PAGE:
Haiti Dispatch: In the Path of Hurricane Dean

JACMEL, Haiti — I attempted to call American Airlines for a good hour before getting through. When I did, they told me the inevitable; all flights out of Haiti had been cancelled due to Hurricane Dean. Earlier, I had spoken with the U.N. camera and video units, and they had all headed to Jacmel on the south side of Haiti to document the incoming storm and potential relief operations. Waiting in Port au Prince would have been the safer option, but Carmen and I decided that since we weren’t flying anywhere soon, we might as well see another part of the country and be where the action was. A three-hour drive later we were at the Cevadier, a solid hotel directly on the beach with a clear view of the incoming hurricane. We figured that if the U.N. was there, we were likely to be relatively safe or at least in a good position to be evacuated if things got really hairy.

Saturday evening was completely calm. The hurricane was supposed to brush Haiti at 8 p.m, but the time came and went with not even a hint of wind. We all retired to our rooms, happy for those Haitians living on the coast that the storm hadn’t yet materialized, if somewhat disappointed that the hurricane might pass in the night.

We needn’t have worried.

I awoke at 2 a.m. to the sounds of waves crashing against the coast. The outer bands of Dean had arrived. The sight of the roiled ocean surging onto the coast made me briefly question just how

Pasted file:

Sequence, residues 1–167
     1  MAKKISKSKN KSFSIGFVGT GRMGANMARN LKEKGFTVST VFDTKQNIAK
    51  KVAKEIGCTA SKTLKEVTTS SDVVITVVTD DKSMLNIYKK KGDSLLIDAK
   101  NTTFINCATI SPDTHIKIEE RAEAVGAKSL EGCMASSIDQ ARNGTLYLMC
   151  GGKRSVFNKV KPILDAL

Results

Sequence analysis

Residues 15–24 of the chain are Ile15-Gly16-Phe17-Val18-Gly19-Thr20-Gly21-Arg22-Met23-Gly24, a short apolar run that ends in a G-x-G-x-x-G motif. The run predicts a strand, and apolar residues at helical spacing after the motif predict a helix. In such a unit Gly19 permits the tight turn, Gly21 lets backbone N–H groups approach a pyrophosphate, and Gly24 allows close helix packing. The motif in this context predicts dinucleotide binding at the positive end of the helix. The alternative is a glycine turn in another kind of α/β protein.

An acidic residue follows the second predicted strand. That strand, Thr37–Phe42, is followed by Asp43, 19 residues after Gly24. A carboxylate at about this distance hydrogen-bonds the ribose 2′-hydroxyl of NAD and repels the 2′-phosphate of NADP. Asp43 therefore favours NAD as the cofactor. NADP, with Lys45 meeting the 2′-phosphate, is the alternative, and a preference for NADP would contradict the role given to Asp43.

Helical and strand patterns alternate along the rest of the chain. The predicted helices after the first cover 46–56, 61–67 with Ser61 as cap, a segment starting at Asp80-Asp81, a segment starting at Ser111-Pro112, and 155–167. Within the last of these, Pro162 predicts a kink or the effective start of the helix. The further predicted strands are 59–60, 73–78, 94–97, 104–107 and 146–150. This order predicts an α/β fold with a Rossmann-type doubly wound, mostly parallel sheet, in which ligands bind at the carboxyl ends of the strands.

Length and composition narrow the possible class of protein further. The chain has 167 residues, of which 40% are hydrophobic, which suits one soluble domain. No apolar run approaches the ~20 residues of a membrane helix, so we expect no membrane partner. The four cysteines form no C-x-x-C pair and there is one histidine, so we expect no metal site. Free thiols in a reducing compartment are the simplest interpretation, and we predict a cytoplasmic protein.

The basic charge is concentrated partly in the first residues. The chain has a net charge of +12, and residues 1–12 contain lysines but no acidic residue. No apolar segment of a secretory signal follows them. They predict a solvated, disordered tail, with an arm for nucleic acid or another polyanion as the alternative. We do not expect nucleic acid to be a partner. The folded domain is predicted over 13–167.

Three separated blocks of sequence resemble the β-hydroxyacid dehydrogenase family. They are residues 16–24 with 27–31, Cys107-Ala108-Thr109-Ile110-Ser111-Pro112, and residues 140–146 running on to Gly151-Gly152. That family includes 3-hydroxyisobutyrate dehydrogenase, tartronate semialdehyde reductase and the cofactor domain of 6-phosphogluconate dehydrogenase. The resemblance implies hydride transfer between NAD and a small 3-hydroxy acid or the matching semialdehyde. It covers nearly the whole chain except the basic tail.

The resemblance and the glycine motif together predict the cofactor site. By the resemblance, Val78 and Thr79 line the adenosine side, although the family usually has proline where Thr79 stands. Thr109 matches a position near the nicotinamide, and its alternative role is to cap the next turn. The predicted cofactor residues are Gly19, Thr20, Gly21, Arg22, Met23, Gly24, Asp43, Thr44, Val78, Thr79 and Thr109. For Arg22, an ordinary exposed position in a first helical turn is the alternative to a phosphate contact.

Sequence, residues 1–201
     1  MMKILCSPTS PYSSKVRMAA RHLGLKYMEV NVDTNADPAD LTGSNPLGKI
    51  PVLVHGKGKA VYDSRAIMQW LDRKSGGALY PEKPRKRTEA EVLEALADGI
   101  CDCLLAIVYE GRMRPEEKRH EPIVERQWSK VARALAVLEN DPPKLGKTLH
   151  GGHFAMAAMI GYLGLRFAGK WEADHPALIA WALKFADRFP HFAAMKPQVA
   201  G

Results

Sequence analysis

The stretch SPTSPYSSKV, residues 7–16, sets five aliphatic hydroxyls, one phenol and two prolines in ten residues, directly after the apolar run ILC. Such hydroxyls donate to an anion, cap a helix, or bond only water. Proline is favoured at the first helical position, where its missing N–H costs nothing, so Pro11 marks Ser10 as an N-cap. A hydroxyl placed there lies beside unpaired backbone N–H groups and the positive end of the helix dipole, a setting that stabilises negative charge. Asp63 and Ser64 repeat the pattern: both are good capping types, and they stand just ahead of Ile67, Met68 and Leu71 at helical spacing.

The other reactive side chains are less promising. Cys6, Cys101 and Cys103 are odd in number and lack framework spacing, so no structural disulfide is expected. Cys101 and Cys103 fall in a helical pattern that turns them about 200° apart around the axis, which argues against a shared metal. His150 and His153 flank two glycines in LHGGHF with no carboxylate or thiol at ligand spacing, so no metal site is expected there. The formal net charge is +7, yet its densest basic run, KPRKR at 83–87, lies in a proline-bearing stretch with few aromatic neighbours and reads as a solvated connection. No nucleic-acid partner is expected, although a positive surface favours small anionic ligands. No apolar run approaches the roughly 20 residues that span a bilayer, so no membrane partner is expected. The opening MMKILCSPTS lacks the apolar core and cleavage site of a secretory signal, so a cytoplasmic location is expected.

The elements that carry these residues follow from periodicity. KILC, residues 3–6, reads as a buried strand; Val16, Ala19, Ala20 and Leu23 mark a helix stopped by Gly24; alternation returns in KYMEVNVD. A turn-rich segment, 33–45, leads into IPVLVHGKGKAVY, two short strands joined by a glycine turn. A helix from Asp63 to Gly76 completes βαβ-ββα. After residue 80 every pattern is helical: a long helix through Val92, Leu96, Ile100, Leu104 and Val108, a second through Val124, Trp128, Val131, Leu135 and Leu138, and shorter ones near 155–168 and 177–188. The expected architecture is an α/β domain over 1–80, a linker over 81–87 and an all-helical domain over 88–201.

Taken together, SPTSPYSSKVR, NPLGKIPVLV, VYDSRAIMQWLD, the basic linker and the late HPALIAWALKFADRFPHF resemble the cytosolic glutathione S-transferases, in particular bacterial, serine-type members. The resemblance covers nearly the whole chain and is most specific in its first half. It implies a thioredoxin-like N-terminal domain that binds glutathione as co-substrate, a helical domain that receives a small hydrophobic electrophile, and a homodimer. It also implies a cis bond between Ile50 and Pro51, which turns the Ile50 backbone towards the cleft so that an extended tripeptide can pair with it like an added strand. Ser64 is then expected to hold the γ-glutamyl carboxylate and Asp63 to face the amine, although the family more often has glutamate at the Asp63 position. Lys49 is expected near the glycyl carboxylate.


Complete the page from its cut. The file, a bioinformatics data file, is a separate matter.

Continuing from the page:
intelligent this particular trip had been. The rest of the night was spent waking every hour to check the storm’s progress. With the exception of small blasts of wind, there was little rain. Only the swells to indicate what churned a few hundred miles offshore.

At daybreak I joined U.N. photographers Logan (Canadian) and Marco (Italian) to survey the night’s damage and see if the U.N. soldiers stationed in Jacmel had launched any rescue efforts for the many Haitians living in poorly reinforced houses built directly on the beach. Dozens had been either partially or completely destroyed from the storm surge, and several times we had to retreat as another surge swamped the houses we were surveying, spilling several feet of water into homes and continuing to eat away at their foundations. Still, there was no rain to speak of and, with the skies clear, by late morning it looked like the storm had passed.

Logan and I saw the clouds at the same time. Low, dark clouds off the coast, heading quickly towards land. The clouds were lit occasionally by bursts of lightning followed by the rumble of thunder. The air temperature dropped distinctly and the wind picked up strength. By the time we got to the car, sheets of rain were pouring down and the wind was battering the coast, whipping the coastal palms into a frenzy. On our drive back to the hotel, we had to weave around dozens of downed power lines, and the torrential rain was now bringing streams of muddy water from the mountains to meet the storm surge from the sea.

Near the coast at Jacmel (Aaron Ernst)

With the combination of the torrential rains from the back end of the hurricane and the continuing storm surge, the Haitians living on the coast will undoubtedly be heavily impacted. We have already seen concrete houses crumbled into the sea and many more full of water with their foundations giving way. There is no word yet of casualties, but a U.N. official I talked to expects there to be fatalities. I am back at the hotel and the lightning, thunder, rains and winds continue. Once the rains die down, we will head back out to get a more accurate survey of the impact of the outer bands of Hurricane Dean. Considering that Haiti was relatively far from the full fury of the hurricane’s winds, I truly hate to think what it holds in store for those in Jamaica who are squarely in Dean’s path.

A woman walking through the storm in Jacmel (Aaron Ernst)